Re: [R] a==0 vs as.integer(a)==0 vs all.equal(a,0)

From: Peter Dalgaard <p.dalgaard_at_biostat.ku.dk>
Date: Tue 08 Mar 2005 - 20:45:26 EST

Robin Hankin <r.hankin@soc.soton.ac.uk> writes:

> hi
>
>
> ?integer says:
>
> Note that on almost all implementations of R the range of
> representable integers is restricted to about +/-2*10^9: 'double's
> can hold much larger integers exactly.
>
>
> I am getting very confused as to when to use integers and when not to.
> In my line
> I need exact comparisons of large integer-valued arrays, so I often
> use as.integer(),
> but the above seems to tell me that doubles might be better.
>
> Consider the following R idiom of Euclid's algorithm for the highest
> common factor
> of two positive integers:
>
> gcd <- function(a, b){
> if (b == 0){ return(a)}
> return(Recall(b, a%%b))
> }
>
> If I call this with gcd(10,12), for example, then a%%b is not an
> integer, so the first
> line of the function, testing b for being zero, isn't legitimate.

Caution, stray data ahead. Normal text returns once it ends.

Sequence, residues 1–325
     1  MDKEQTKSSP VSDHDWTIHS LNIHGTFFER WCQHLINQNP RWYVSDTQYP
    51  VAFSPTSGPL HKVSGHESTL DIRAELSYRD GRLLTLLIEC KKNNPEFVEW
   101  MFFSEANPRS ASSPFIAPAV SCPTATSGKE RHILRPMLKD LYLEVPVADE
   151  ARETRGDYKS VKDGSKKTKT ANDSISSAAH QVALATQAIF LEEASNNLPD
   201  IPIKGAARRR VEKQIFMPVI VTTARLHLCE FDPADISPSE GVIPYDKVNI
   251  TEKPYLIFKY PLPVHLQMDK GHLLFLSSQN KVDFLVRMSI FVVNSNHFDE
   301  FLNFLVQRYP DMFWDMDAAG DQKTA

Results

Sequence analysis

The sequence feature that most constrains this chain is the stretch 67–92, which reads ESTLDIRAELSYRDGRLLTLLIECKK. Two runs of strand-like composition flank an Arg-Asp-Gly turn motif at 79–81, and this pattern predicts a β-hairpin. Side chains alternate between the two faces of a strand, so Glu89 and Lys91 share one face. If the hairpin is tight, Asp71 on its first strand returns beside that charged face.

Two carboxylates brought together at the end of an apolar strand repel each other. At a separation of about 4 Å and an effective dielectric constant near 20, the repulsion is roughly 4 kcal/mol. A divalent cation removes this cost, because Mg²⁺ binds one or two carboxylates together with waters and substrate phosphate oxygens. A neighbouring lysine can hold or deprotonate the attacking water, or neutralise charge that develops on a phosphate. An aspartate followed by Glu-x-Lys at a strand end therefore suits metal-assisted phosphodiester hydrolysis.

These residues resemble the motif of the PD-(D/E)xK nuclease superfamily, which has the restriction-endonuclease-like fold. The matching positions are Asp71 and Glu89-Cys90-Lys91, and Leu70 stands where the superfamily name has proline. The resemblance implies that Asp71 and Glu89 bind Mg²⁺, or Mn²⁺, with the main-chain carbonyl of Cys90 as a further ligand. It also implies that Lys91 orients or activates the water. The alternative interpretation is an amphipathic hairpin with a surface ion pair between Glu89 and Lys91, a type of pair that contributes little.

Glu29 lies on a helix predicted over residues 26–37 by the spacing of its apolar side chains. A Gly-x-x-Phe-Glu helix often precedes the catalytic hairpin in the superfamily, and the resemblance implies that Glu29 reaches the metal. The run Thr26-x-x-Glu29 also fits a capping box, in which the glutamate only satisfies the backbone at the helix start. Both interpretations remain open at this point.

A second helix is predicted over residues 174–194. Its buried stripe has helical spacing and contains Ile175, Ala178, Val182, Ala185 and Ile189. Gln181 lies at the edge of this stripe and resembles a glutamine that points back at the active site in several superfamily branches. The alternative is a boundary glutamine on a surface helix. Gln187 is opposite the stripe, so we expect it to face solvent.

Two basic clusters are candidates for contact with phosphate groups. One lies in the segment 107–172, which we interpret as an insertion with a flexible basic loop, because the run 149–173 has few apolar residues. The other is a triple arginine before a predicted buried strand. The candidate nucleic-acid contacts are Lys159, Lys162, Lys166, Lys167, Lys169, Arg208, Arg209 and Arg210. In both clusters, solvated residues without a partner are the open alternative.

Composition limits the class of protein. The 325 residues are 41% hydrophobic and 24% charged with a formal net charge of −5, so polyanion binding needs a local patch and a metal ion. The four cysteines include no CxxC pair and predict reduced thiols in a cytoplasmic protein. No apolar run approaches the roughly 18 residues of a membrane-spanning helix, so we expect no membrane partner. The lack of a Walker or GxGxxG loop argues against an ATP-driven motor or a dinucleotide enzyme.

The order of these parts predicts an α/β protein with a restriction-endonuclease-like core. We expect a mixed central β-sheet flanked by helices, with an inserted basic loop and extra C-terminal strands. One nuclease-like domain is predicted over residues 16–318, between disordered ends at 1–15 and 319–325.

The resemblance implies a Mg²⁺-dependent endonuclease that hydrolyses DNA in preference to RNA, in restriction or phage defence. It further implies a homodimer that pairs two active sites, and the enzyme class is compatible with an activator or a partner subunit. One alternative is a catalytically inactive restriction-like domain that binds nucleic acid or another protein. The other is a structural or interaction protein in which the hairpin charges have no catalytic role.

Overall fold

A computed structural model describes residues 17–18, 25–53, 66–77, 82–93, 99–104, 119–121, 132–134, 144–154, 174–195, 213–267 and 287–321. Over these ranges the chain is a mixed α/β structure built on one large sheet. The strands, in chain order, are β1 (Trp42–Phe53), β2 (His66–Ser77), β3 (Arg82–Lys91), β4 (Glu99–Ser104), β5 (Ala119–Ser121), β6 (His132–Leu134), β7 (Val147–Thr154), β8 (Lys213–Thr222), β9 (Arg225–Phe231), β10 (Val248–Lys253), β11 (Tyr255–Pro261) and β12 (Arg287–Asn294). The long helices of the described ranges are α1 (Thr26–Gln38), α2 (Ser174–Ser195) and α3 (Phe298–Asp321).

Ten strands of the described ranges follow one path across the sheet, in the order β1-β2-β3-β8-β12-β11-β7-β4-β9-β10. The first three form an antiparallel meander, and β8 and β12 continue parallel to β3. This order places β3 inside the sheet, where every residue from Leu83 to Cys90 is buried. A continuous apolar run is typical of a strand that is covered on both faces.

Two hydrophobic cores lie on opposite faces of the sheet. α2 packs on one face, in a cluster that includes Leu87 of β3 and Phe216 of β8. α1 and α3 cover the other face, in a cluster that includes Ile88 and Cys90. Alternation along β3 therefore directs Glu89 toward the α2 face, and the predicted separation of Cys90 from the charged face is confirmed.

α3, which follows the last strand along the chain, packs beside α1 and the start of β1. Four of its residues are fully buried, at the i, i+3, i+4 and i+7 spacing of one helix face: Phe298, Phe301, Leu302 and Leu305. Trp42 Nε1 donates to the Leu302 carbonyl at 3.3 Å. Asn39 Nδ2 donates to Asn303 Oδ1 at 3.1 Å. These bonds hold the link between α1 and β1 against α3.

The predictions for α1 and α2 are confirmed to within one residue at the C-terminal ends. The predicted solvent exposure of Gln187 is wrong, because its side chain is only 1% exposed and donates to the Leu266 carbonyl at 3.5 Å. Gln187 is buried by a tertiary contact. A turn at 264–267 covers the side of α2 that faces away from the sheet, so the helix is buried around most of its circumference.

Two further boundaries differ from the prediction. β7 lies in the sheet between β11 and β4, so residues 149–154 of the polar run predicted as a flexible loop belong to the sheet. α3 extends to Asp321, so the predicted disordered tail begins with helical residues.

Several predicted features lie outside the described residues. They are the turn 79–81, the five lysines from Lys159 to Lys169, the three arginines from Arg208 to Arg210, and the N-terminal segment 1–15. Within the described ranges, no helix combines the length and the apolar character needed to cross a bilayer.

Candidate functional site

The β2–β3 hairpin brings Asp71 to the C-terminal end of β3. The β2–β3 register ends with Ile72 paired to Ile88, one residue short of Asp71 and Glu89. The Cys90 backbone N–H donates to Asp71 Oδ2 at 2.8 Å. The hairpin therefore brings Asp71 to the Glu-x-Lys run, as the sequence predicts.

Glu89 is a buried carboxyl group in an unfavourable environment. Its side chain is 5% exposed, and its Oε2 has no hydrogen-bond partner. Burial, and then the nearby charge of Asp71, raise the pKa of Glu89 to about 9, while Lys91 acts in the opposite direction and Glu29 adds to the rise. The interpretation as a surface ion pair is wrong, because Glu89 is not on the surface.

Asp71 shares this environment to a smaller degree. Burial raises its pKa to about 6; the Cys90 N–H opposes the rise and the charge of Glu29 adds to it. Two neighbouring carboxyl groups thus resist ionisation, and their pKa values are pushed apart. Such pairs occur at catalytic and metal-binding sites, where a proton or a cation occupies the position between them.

>
> OK, so I have some options:
>
> (1) stick in "a <- as.integer(a), b <- as.integer(b)" into the
> function: then a%%b *will* be an
> integer and the "==" test is appropriate
> (2) use some test like abs(b) < TOL for some suitable TOL (0.5?)
> (3) use identical(all.equal(b,0),TRUE) like it says in identical.Rd
> (4) use identical(all.equal(b,as.integer(0)),TRUE)

>
> How does the List deal with this kind of problem?
>
> Also, gcd() as written returns a non-integer. Would the List
> recommend rewriting the last
> line as
>
> return(as.integer(Recall(b,a%%b)))
>
> or not?

Not if you want things to work in the large-integer domain...

You're in somewhat murky waters here because it all has to do with whether you can rely on the floating point aritmetic being exact for integers up to 2^53. *If* that works, then there's really no reason to distrust "==" in this context and the gcd() works as originally written. You might consider wrapping it in a function that checks whether a and b are both (1) in range and (2) that they are integers in the sense that round(x)==x. (Failing 2, you likely get an infinite recursion).

-- 
   O__  ---- Peter Dalgaard             Blegdamsvej 3  
  c/ /'_ --- Dept. of Biostatistics     2200 Cph. N   
 (*) \(*) -- University of Copenhagen   Denmark      Ph: (+45) 35327918
~~~~~~~~~~ - (p.dalgaard@biostat.ku.dk)             FAX: (+45) 35327907

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Received on Tue Mar 08 21:07:13 2005

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